School dropout rates have reached their lowest recorded levels, but wide variations remain between cities and other areas.
The headline figure for students staying at school until Leaving Certificate is now at 90.6%, meaning 9.4% of those who started second-level education in 2008 did not stay the full five or six years. Of just over 56,000 students, nearly 5,300 did not finish sixth year in 2013 or 2014.
The early school-leaving figure is down from 9.9% a year ago, and from 16.4% among students who began first year in 1998. While the overall improvements are welcome, Education Minister Jan O’Sullivan said it was still a concern that almost one-in-10 students do not complete second-level.
“Many of these students are choosing other educational and training pathways such as apprenticeships and Youthreach courses, but a proportion are leaving school without any plan,” she said. “This is a serious problem and students who drop out of formal education as teenagers limit their life chances.”
Her own constituency of Limerick City has one of the highest dropout rates, the 13% who did not reach Leaving Cert being the country’s second-highest, behind Carlow with a 14% level.
Almost 4.5% of Limerick city’s 2008 first-year classes did not sit the Junior Cert, lower than Carlow (5.7%), Longford (4.9%), Galway City (4.7%) and Waterford City (4.5%). There are also high rates in the Dún Laoghaire-Rathdown (4.1%) and South Dublin County Council (4.2%) areas.
Most cities have non-completion rates above the national average, with 12.5% in Galway City, 11.5% in South Dublin, 11.4% in Dublin City Council area, 11.3% in Waterford City and 9.8% in Cork City not doing the Leaving Cert. Limerick county had just a 6.3% early school-leaving rate, the country’s lowest and less than half the figure in the city, while Waterford county’s 7.1% was the ’s second-lowest.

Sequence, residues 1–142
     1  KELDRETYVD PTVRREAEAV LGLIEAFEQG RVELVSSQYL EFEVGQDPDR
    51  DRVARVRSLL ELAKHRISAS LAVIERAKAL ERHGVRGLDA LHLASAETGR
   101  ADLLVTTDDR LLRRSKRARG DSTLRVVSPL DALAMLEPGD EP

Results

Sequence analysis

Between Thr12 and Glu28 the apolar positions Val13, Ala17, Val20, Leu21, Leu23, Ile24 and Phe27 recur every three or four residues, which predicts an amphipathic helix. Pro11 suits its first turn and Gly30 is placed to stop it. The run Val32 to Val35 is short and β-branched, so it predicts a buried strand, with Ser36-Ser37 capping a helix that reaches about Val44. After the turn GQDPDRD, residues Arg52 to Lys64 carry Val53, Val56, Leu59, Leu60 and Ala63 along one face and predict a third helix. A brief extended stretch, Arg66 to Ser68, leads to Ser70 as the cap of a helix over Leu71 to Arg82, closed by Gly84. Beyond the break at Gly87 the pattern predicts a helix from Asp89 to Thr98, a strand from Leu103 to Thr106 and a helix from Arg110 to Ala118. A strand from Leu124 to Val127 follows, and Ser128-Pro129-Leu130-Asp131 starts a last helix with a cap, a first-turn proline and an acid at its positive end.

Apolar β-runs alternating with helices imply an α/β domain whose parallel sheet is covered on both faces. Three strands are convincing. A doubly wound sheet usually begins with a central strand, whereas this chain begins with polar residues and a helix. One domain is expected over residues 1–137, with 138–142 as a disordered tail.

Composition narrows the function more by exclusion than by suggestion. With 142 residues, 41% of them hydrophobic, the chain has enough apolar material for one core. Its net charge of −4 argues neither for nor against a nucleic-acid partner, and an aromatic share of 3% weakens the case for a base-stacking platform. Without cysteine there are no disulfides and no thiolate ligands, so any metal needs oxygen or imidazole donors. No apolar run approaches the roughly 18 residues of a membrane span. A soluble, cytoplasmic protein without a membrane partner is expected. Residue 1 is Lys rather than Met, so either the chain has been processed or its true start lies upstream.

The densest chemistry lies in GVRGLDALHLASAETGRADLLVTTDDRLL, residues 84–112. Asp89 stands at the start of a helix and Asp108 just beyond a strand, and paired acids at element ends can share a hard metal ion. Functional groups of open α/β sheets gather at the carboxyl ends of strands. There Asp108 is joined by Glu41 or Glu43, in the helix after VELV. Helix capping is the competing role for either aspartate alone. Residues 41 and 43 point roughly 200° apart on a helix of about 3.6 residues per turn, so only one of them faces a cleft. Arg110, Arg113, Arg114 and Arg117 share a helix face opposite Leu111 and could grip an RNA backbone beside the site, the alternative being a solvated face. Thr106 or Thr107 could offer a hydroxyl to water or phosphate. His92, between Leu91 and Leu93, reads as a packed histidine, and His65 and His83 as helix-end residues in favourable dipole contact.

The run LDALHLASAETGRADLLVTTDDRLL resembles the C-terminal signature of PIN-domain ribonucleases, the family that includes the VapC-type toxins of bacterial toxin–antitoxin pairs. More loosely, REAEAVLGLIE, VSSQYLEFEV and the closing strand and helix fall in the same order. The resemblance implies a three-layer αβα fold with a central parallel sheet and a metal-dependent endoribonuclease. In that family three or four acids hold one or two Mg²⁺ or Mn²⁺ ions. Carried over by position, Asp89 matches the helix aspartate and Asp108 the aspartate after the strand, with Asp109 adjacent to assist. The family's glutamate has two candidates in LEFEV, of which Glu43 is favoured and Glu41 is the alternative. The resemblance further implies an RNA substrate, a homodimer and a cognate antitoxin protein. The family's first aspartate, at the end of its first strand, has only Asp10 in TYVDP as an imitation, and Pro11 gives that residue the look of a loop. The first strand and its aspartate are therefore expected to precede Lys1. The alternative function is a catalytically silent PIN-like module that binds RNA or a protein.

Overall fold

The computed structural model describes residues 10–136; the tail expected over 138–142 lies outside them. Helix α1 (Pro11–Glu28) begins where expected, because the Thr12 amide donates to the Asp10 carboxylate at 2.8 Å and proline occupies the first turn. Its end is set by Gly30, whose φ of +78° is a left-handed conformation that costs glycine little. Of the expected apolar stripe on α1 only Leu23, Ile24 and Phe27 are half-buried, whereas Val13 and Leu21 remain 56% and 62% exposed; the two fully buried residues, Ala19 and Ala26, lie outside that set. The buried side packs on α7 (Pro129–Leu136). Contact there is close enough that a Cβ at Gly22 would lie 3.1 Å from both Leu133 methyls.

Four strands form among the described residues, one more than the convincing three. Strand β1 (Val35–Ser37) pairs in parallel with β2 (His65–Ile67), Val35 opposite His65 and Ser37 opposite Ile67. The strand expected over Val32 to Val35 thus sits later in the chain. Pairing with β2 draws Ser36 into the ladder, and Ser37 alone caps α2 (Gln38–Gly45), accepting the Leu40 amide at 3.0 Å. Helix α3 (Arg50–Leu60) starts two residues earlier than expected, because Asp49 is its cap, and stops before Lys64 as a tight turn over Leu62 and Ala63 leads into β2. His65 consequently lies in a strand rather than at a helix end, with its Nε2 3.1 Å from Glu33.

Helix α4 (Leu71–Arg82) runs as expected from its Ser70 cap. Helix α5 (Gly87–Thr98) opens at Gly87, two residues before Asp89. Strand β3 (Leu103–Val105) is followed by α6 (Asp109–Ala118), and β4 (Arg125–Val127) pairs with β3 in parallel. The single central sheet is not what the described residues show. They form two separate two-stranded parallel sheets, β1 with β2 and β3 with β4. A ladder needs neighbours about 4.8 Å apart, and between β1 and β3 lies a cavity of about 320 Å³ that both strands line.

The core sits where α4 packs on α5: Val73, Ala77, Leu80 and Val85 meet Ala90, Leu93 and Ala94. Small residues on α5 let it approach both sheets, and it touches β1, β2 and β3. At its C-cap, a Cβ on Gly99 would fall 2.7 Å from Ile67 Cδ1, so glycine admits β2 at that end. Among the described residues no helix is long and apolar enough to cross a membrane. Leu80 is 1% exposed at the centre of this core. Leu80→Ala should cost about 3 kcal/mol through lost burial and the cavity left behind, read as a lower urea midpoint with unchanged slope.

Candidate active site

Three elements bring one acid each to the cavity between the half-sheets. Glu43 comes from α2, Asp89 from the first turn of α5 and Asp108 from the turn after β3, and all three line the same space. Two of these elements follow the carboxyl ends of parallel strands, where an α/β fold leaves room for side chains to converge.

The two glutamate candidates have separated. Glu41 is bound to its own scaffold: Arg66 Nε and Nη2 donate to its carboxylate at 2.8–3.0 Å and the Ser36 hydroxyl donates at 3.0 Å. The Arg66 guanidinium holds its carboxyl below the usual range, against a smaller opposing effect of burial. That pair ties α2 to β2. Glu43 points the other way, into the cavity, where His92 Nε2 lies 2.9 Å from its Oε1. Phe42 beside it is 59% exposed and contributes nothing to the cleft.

Although more boys leave school than girls, the gap is continuing to narrow. Among 2008 entrants to second-level, 8.1% of females and 10.7% of males did not make it to Leaving Cert, the 2.6% difference comparing favourably to a 3.6% gap on the first-year class of 2007.
Dropout rates at Deis schools, which get extra staff and other supports due to high numbers of students with social disadvantage, remain far higher than the national average, at almost 18%. But the 82.1% retention rate is up from just over 80% in the previous two years, and from only 68% of those who started at Deis schools in 2001.
The minister praised the role of school leaders, teachers and parents in encouraging students to stay in education, which sees our completion rates among 20 to 24 year olds among Europe’s highest.
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